In Re Janet Yellen

News reports indicate that President Obama will nominate Janet Yellen as Federal Reserve Chairman. Here are a few interesting nuggets about Ms. Yellen.

She is a “Professor Emerita at the University of California, Berkeley‘s Haas School of Business” (source). Sorry, but UC Berkeley automatically makes my antennae go up.

(As an aside, Former Czech President Vaclav Klaus recently said, “I remember being asked by an American friend in Prague, ‘how strong is the belief in communism and Marxism in contemporary Czechoslovakia?’…My answer was, more than 35 years ago, ‘I guess there are more true believers in Marxism at the University of California in Berkeley than in my whole communist country.'”)

She is a “Trustee of the Economists for Peace and Security” (source). Uh oh:

Economists for Peace and Security (EPS) is a United Nations-registered, New York-based NGO which links economists interested in peace and security issues. Inspired by International Physicians for the Prevention of Nuclear War, it was founded in 1989 as Economists Against the Arms Race (ECAAR), before becoming Economists Allied for Arms Reduction (ECAAR) in 1993. It adopted its present name in 2005….

Notable trustees of EPS include Kenneth Arrow and Lawrence Klein (founding trustees); Amartya Sen, Robert Reich and Óscar Arias. James K. Galbraith was named Chair of the Board of Directors in 1996. (source)

She and her husband, George Akerlof, certainly make an interesting couple (source):

“They seem like a very close couple,” said Robert Shiller, a longtime friend of both and co-author with Mr. Akerlof. He describes Mr. Akerlof as a “free spirit” and Ms. Yellen as “more dignified.”

The couple became frequent collaborators on a variety of research topics….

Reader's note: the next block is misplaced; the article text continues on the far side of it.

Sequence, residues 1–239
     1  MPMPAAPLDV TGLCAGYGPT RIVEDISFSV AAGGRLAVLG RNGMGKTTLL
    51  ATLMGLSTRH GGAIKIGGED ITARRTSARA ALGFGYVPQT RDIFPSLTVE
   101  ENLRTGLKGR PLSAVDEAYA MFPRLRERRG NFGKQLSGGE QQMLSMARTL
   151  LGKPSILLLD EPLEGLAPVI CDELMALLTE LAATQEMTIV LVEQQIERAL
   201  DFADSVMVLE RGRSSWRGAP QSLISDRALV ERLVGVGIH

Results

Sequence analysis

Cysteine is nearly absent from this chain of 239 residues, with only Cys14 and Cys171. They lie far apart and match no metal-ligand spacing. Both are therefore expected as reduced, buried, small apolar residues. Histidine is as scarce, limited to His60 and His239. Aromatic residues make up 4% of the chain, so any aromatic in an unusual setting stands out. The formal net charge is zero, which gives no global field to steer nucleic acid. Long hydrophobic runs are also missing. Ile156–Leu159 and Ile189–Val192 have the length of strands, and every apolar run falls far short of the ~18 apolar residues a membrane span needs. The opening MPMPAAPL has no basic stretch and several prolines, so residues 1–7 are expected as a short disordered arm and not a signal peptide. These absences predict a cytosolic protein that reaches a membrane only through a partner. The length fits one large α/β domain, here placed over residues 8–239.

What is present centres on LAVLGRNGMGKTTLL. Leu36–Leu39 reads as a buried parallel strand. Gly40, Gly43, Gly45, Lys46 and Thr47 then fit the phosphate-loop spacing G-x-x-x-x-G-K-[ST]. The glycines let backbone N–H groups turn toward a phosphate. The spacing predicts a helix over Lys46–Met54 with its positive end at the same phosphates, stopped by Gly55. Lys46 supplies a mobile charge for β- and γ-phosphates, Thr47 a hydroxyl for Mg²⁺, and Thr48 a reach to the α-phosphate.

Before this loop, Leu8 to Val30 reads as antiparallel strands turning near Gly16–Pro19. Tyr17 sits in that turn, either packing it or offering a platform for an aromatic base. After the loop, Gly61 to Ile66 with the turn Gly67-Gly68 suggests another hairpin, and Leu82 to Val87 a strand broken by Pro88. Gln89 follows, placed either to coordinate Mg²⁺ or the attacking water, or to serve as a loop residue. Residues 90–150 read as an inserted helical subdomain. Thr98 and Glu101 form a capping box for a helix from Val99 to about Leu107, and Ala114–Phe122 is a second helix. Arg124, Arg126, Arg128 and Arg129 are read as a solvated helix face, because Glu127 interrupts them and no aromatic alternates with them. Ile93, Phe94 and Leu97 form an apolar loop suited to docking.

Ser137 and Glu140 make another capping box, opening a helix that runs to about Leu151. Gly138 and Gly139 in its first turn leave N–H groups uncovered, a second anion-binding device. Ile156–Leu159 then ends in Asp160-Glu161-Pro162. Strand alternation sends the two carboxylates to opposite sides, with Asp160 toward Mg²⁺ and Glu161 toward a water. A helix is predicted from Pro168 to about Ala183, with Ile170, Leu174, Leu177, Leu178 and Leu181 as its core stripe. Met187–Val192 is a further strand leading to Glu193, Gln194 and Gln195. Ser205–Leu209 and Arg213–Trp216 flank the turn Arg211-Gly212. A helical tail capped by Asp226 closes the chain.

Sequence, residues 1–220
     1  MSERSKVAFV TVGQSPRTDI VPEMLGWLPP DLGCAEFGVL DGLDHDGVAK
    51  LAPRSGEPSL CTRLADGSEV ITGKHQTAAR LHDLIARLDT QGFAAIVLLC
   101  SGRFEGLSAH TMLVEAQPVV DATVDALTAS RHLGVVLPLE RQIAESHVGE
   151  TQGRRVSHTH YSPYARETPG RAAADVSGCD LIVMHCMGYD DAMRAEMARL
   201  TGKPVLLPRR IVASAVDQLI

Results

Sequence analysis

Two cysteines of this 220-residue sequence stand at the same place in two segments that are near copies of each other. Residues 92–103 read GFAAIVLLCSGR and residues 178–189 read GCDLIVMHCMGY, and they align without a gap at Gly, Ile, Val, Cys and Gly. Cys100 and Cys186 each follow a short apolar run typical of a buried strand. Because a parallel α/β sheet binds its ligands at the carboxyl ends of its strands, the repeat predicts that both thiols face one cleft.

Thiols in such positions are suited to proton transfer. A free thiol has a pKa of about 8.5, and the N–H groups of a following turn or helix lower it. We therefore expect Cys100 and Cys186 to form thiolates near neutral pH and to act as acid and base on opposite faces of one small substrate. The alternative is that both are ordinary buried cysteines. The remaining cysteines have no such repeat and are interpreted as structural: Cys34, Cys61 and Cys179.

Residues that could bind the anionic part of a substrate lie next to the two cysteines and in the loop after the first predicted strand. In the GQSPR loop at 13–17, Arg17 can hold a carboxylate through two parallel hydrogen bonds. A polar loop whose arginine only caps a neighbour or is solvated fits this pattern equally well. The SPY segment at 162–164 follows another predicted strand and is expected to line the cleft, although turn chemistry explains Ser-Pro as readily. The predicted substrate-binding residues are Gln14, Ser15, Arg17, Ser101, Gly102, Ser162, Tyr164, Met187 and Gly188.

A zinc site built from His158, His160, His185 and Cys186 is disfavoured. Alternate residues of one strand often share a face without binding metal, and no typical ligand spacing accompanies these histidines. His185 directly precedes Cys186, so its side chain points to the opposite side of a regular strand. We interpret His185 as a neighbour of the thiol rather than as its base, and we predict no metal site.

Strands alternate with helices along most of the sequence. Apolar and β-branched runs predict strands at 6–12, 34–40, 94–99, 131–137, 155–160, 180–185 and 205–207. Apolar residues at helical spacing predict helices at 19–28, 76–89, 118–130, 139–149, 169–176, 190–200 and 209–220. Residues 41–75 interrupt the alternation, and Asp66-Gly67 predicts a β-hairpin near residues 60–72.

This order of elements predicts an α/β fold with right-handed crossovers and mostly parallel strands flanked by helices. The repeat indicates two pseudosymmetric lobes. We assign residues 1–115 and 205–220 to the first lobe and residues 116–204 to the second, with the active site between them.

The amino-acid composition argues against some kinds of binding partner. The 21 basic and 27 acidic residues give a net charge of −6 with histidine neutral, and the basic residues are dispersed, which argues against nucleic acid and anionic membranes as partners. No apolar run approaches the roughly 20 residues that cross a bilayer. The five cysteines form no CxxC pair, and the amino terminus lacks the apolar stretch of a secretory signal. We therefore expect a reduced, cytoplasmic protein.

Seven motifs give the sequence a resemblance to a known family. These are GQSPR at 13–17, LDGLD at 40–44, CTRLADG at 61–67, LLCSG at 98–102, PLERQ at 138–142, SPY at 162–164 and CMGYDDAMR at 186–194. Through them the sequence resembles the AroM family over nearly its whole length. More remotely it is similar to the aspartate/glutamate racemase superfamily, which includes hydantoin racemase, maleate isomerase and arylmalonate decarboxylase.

“Whenever they would write a paper it became their whole life. It’s all they wanted to talk about,” said Christina Romer, a UC Berkeley economist, former Obama adviser and longtime friend of the couple….

Mr. Akerlof has skeptical views on free markets, which Ms. Yellen hasn’t discussed as a Fed official. His famous “markets for lemons” paper, published in 1970, used malfunctions in used-car markets to challenge economic orthodoxy about efficient markets and helped him win the Nobel Prize.

In a talk at Warwick last year, Mr. Akerlof argued that “the public and economists have too great an acceptance that whatever markets do is right.”

Robert Shiller, by the way, is a noted Keynesian (source).

“Yellen served as chair of President Bill Clinton’s Council of Economic Advisers from February 13, 1997 to 1999” (source). Oh.

Inflation hawks are concerned:

[Critics] worry that she would not be sufficiently concerned about the possibility that inflation will accelerate as the economic recovery gains strength. If nominated, she could face opposition from Senate Republicans who have repeatedly expressed concern that the Fed’s campaign would destabilize financial markets and make controlling the pace of inflation more difficult (source).

Forbes is not impressed:

Implicit in Yellen wanting to run the Fed is a belief that the cost of credit, easily the most important price in the world after the dollar, should be manipulated by her and other supposedly wise individuals laboring alongside her. Think about the stunning arrogance that underpins such a belief. The 20th century was in a sick-inducing way a gift to humanity for showing in murderously brutal fashion the horrors of central planning, yet Yellen honestly believes that she can divine the cost of credit better than can the infinite actions and decisions taking place every millisecond among billions of humans in the private markets (source).

Which seems consistent with her husband’s skepticism regarding the wisdom of markets, to say nothing of the Obama Administration’s.

“In 2012, she was elected Distinguished Fellow of the American Economic Association” (AEA) (source).

William McEachern, an economist at the University of Connecticut, analysed the 2004 campaign contributions of AEA members, committee members, officers, editors, referees, authors, and acknowledgees. He found that 2004 contributions heavily favored the Democratic Party, especially among leadership positions. He argues that this contradicts AEA’s claim of non-partisanship, that it harms the economics profession by favoring certain opinions over others, and that it cripples the spirit of discussion that AEA seeks to promote and may lead to intellectual complacency (source).

Given this Administration’s penchant for appointing outright socialists, I guess we could do worse.

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